Expert publishing blog opinions are solely those of the blogger and not necessarily endorsed by DBW.
This is part one of a six-part series.
As a self-published author, it’s your responsibility to make sure your book is as high-quality as it can be, and an editor is an indispensable resource who can help make your book look professional instead of amateurish.
Getting off to a Good Start
Ask your peers—other writers—for their opinions. Join local writing groups. Meet writers online and ask them to have a look at one or two chapters for you. Don’t be shy about getting feedback from your fellow writers.
Every writer is focused on her own work, so make sure you give something back to the community by returning the favor for others.
Now is a good time to write a synopsis. This is a skill in itself, so practice is key. A synopsis is different from a blurb; it should be about one A4 page long, contain all the major plot points and describe what happens in your book. Don’t worry about spoilers! This is a great way to identify weaknesses or plot holes. Read it out loud. Does it ramble or sound boring? Do things seem to happen for no reason? Maybe you just need to tweak the synopsis, or maybe you need to go back to the book and make some changes.
When you feel happy with your book, that’s the right time to look for an editor. But wait! Do you know what you’re asking them to do, and does that match up with what you need?
Different Types of Editing
Think about what you expect an editor to do for you. For instance, you might envisage them:
• making sure the spelling is correct
• making the writing “flow”
• improving your style by, for example, removing excess adjectives or pointing out clichés
Or you might picture your editor:
• suggesting ways to make the dialogue less clunky
• helping to reveal the motives of the villain
• flagging areas where the timeline or chapter ordering makes the story unclear and suggesting solutions
These are all things an editor could do, but they are different types of requests and may need different types of editors.
A structural or developmental editor will look at “big picture” stuff like plot, characterization, themes, voice, dialogue, pace and flow. They’ll look at how everything fits together and pick up on major inconsistencies and inaccuracies.
A copy-editor will look at spelling, punctuation, grammar, style, consistency, wording and legal issues. Their job is to get your manuscript ready for typesetting. They’ll help you make sure your work is accurate and fit for purpose.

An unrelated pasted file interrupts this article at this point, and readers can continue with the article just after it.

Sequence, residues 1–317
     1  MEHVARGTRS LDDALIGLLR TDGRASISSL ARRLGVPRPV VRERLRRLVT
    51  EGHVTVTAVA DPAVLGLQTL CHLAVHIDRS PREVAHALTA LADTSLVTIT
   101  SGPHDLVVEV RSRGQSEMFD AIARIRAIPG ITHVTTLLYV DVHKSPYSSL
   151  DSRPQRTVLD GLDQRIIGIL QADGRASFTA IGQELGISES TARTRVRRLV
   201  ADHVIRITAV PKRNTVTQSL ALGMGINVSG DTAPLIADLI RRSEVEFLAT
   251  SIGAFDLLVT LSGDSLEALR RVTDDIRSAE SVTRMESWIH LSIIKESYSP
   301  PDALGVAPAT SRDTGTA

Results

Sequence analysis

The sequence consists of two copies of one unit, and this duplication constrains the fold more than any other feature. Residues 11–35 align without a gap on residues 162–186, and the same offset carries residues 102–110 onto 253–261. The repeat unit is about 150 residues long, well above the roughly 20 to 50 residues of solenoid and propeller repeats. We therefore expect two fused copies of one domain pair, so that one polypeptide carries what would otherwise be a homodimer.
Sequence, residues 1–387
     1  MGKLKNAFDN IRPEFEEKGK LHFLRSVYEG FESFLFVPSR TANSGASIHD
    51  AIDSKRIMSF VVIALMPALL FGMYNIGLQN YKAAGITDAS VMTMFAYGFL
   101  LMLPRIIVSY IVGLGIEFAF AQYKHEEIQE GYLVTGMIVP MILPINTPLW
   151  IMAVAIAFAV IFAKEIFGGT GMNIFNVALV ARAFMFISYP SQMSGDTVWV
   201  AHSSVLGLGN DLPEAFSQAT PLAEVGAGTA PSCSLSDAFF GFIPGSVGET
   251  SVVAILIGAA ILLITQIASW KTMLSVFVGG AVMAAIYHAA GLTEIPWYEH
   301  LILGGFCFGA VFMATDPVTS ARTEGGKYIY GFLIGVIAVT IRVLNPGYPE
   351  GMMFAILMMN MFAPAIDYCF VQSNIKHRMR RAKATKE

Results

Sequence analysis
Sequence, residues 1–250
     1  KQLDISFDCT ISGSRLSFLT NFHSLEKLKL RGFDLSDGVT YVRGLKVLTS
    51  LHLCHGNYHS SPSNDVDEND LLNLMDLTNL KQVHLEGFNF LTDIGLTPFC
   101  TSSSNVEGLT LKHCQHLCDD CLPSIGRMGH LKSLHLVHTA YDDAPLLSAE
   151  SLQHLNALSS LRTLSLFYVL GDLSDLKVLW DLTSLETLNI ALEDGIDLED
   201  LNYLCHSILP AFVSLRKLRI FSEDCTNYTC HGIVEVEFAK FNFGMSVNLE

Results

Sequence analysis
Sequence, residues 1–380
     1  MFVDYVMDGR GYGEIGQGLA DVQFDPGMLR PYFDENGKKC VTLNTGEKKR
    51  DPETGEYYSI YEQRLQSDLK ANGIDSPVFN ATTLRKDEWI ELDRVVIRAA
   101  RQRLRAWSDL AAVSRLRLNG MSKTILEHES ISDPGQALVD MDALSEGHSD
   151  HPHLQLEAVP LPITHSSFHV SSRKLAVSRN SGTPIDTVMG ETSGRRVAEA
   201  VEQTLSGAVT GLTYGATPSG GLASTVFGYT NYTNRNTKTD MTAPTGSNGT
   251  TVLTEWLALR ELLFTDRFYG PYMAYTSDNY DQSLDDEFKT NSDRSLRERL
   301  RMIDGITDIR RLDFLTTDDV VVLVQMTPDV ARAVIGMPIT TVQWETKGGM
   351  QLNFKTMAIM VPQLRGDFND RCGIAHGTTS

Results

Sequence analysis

There may be some crossover between those types of editing—a copy-editor might query plot holes and a developmental editor might flag grammatical “tics”—but, in general, developmental editing looks at the big picture and copy-editing looks at the fine details.
If you choose one type of editing when you really needed the other, it’s frustrating for all involved. No editor wants to spend hours correcting your spelling only for you to rewrite or delete entire chapters. And you don’t get the result you wanted.
I’m a copy-editor, so naturally my advice would be not to skimp on the copy-edit. A lot of developmental work can be done in advance with feedback from other writers. That’s not to put down developmental editors—actually I think they have the hardest job!—but if you’re on a limited budget, you might only be able to afford one type of editing. No matter how great your book is, it will look terrible if it’s riddled with typos. If you can afford both types of editing, seize the opportunity!
How to Find the Right Editor for You
Look for someone who has worked on similar projects. Your country’s industry body for editors may have a directory you can use. Ask other self-published authors for their recommendations.
Don’t be put off if an editor doesn’t list prices on her website. Some charge per word or per thousand words; others base their charges on how long the job is likely to take, so they won’t be able to give you a quote until they’ve looked at your manuscript. Neither approach is “better” than the other; they each have their pros and cons, and both methods are used by professionals.
A good editor should respond to your inquiry within a reasonable length of time. She should be upfront about the likely cost and clear about what she can do for you. It’s important for both of you to be confident about the scope of the work.
She should send you a sample edit of part of your work to give you an idea of her approach. You can decide whether she’s a good fit for you and whether she respects your “tone of voice.”
Finally, don’t be afraid to ask questions! Prepare a list before you make an approach. You have every right to query anything you don’t understand. Most editors will have terms and conditions; ask to see them before work starts.
To get all the ebook and digital publishing news you need every day in your inbox at 8:00 AM, sign up for the DBW Daily today!